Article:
Because she is not working in a "brick and mortar" establishment on a well-traveled commercial street, she believes that she is not worthy of having the label "expert" placed on her head. And yet, when you ask her questions, which I do quite frequently because I'm NOT a floral designer, she has answers that detail things I never even thought about.

In mind, she is an expert. And she really SHOULD write a book. There are a lot of brides out there who would love to have a better idea of what they're getting into when they are planning for flowers for their wedding.

There are also people out there who would love to start a floral business out of their home, just as she is doing, and yet they don't have the slightest clue as to how to begin. If my friend were to write a book, there would be a number of people who would be able to confidently step out into the world of being an entrepreneur.

Why don't I write the book? I probably could, if I did enough research. But that still wouldn't position me as an expert because I'm NOT a floral designer, I'm a writer.

But if my friend were to sit down and either write about her life and her business, or even just talk it into a tape recorder and then get it transcribed, she would be able to write a book, positioning herself as an expert, commanding more money, and actually helping a lot of people in the world.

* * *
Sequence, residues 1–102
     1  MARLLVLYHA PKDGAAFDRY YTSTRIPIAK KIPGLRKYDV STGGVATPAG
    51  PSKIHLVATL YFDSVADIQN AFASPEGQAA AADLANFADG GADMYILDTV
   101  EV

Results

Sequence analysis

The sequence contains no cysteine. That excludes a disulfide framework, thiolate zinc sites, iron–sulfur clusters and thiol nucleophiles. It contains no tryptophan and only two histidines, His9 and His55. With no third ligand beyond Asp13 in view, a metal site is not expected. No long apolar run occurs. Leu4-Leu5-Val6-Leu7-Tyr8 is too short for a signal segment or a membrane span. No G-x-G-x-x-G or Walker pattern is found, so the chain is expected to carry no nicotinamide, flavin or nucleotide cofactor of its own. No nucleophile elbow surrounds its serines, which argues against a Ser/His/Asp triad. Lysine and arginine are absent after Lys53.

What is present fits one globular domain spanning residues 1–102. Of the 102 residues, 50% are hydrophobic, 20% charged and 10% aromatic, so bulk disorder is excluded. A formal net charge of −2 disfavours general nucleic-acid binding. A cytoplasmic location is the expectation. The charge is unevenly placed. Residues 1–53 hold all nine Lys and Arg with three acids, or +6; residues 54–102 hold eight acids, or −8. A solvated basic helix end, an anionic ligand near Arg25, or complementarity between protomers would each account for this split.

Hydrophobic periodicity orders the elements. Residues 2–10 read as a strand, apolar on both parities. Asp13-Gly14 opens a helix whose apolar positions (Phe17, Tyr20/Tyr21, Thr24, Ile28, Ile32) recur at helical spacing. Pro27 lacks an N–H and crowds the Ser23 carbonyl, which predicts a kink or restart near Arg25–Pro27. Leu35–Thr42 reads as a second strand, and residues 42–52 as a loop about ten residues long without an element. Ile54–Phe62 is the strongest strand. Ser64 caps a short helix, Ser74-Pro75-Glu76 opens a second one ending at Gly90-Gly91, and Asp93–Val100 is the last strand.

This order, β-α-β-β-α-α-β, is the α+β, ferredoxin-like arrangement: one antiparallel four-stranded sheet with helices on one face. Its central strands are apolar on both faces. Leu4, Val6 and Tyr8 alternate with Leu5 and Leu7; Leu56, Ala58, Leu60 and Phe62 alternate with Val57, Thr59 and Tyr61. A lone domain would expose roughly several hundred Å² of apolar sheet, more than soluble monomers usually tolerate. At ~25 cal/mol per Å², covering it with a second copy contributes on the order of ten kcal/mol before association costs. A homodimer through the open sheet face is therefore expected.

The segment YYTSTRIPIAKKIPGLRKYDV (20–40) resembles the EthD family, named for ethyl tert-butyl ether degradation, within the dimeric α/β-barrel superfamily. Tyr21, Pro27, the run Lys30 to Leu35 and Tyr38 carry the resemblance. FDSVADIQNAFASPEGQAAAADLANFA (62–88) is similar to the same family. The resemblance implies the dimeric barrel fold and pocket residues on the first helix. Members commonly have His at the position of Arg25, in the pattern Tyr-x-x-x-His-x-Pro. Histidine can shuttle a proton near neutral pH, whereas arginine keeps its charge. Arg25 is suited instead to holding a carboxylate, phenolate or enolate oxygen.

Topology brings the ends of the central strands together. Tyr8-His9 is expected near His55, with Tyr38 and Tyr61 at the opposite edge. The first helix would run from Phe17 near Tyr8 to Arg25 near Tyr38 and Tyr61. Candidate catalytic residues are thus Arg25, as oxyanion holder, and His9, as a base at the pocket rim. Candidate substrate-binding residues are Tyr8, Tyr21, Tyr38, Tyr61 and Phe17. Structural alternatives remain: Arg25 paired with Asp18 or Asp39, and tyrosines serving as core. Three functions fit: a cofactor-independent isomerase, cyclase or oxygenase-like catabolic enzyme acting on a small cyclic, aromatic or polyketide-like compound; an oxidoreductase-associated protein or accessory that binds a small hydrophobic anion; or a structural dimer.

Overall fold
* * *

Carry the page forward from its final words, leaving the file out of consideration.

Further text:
That's what positioning yourself as an expert does.

If you know more than your ARE an expert.

About the Author:

Kathleen Birmingham is a ghostwriter of hundreds of articles, lesson plans, newsletters, and books. Currently she is partnering with Russ Stevenson creating a system to help numerous people get their ideas out of their heads and down on paper. For more insight into her philosophies on the business of writing, visit her at:

Copyright - Kathleen A. Birmingham. All Rights Reserved Worldwide.

Monday, May 24, 2010

The 7 Core Principles of Conscious & Creative Writers

Guest post by Julia McCutchen

Once you appreciate fully the value of this new mindset, it is then a question of taking appropriate action to create the right circumstances to access and maintain your conscious and creative flow.

So what does it really mean to be a conscious and creative writer?

Here are the 7 Core Principles:

1. Presence: being fully awake to the moment - the Now- points towards the truth of what it means to be totally Present. The emphasis here is on Being rather than doing, essence rather than form. Here you connect with the true source of your most inspired ideas and understand the infinite nature of conscious creativity.